In part 2 of our series on the evolution of NASA's Journey to Mars, Michael Griffin gives the Constellation moon program a new look in an attempt to shorten America's International Space Station access gap after the space shuttles retire. But by 2009, the program is behind schedule and over budget.
NASA will try again tomorrow to expand BEAM, the Bigelow Expandable Activity Module. During a press teleconference this afternoon, officials said they were confident the module was going to expand—it's just a question of when.
Fifteen Russian rockets have failed in the past 6 years. Of those mishaps, all but two involved upper stages. So what's going on? The problem may actually lie far beyond the country's aerospace industry.
LightSail has completed its first round of flight testing. The spacecraft is now armed with new software that will transmit almost three times as much health and status data back to Earth than it did during last year's test flight.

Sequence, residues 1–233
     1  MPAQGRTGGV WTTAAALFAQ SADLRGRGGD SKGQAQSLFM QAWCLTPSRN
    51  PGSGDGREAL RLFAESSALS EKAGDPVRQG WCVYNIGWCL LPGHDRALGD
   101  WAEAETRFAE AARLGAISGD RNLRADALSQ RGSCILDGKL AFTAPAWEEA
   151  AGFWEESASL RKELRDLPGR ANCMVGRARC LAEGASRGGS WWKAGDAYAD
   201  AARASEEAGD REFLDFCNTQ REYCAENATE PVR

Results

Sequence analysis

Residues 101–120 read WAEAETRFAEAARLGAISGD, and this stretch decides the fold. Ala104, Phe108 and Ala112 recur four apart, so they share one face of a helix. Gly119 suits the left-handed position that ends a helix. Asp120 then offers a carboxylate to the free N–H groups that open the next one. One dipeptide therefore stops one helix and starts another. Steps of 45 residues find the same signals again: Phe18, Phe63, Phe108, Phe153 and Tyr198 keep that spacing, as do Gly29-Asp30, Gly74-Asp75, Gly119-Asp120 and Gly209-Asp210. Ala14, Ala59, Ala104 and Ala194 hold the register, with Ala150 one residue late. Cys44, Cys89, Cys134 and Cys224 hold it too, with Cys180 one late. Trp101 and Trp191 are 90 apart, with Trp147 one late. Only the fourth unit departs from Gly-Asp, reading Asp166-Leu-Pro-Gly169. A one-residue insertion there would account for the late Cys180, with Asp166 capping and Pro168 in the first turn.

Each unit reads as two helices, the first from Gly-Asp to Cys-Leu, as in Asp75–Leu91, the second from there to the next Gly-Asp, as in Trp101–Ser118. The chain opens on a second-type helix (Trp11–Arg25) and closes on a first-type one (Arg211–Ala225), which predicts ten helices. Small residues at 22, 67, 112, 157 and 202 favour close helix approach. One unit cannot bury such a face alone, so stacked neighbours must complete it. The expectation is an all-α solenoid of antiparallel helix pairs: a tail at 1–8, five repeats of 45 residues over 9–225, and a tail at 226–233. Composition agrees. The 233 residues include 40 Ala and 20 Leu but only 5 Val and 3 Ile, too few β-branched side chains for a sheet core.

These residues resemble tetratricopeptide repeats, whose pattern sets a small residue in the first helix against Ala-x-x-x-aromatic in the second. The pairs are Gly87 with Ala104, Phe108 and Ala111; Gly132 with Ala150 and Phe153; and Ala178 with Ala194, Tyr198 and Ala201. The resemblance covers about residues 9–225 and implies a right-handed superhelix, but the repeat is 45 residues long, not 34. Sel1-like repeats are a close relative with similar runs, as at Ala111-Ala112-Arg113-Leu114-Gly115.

Two years after a devastating explosion, Orbital ATK is set to return its Antares rocket to flight. The commercial spaceflight company discusses its upgraded launcher, Cygnus supply spacecraft, and future ambitions, which include cislunar space.
NASA is building a giant rocket called the Space Launch System to send humans to Mars. In part 4 of our Horizon Goal series, we recap the messy tangle of politics and engineering that led to the vehicle's creation in 2011.
Since 2011, a once-in-a-generation transformation has been sweeping through NASA's human spaceflight centers in preparation for the era of SLS and Orion. How have the programs fared, and what first steps is NASA taking as it prepares for the journey to Mars?
BEAM, the International Space Station's new expandable habitat module, is open for business. NASA astronaut Jeff Williams and cosmonaut Oleg Skripochka entered the module at 4:47 a.m. EDT (9:47 UTC) this morning.